cervical screening population. J Clin Pathol 2004; 57: 68-72.
(14) Peto J, Gilham C, Deacon J, et al. Cervical HPV infection and
neoplasia in a large population-based prospective study: The
Manchester cohort. Br J Cancer 2004; 91: 942-953.
(15) Cancer in Young Adults in Canada 2006, Cancer Care Ontario and the
Public Health Agency of Canada. Last accessed on November 10, 2009.
http://www.cancer.ca/Canada-wide/About cancer/Cancer statistics/~/media/CCS/
Canada wide/Files List/English files heading/Library PDFs - English/
Cancer in young adults in Canada - completed PDF - English_1252681884.ashx
(16) Canadian Women's Health Network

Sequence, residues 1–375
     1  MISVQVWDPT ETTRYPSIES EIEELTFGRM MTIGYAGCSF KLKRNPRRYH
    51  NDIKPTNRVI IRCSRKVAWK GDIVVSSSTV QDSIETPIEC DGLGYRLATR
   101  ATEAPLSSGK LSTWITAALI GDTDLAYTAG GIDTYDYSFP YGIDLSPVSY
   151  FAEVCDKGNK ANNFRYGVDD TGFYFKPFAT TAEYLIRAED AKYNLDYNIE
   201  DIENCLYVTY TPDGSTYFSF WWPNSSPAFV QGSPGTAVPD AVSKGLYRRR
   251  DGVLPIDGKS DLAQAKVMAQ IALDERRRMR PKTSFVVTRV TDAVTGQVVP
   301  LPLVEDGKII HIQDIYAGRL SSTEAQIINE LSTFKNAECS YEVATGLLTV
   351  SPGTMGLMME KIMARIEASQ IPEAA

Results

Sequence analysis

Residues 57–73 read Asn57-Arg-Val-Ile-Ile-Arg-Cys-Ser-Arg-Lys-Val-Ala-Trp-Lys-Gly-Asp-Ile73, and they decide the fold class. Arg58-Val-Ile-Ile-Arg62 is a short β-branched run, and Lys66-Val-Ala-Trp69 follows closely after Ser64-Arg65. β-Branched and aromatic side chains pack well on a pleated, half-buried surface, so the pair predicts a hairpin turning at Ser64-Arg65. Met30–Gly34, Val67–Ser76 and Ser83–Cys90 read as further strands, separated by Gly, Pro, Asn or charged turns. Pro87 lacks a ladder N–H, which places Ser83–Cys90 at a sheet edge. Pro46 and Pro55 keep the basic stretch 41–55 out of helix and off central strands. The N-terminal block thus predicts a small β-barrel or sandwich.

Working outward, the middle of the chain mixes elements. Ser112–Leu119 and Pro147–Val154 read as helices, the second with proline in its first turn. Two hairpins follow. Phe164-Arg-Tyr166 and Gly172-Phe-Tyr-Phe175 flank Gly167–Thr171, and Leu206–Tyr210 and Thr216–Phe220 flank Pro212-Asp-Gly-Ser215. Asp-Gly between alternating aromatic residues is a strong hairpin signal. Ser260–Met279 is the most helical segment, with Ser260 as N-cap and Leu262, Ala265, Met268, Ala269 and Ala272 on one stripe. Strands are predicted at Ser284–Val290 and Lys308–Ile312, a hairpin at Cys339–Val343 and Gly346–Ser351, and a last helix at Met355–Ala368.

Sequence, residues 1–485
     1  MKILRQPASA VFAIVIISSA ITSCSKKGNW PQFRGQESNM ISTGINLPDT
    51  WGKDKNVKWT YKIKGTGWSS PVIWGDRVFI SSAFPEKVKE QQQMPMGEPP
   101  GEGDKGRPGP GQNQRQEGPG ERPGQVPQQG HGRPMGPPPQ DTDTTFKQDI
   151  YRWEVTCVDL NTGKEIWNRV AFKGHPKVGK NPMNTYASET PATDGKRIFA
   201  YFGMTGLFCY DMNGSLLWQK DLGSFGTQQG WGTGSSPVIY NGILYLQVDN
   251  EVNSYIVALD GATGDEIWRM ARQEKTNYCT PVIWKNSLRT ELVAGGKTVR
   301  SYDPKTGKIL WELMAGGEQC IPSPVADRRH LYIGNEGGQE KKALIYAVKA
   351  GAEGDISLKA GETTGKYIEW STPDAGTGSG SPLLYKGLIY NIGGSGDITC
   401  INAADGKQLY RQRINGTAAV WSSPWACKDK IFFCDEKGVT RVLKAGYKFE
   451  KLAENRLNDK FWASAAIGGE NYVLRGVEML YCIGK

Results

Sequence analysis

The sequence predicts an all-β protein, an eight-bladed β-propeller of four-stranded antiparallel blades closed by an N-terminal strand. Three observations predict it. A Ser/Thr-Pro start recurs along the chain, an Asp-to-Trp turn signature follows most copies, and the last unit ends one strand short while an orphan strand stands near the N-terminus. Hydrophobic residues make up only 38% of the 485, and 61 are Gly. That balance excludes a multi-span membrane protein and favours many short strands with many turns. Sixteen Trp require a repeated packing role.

http://www.cwhn.ca/resources/faq/abnormalPap.html Last accessed on
October 21, 2009
(17) Peto J, et al. Cervical HPV infection and neoplasia in a large
population-based prospective study: The Manchester cohort. Br J
Cancer 2004; 91: 942-53.
(18) de Villiers E, et al. Classification of papillomavirus. Virology
2004; 324: 17-27
(19) Wain G, The human papillomavirus (HPV) vaccine, HPV related diseases
and cervical cancer in the post-reproductive years,Maturitas in
(20) Paavonen J, et al. Lancet 2009; 374:301-314
(21) Romanowski B et al. Lancet 2009;374: 1975
For further information: For further information: or to arrange an interview, please contact: Sarah Rutka, for GSK, Direct: (416) 645-8191, Cell: (647) 291-1058, email@example.com; GlaxoSmithKline, Corporate Communications, (905) 819-3363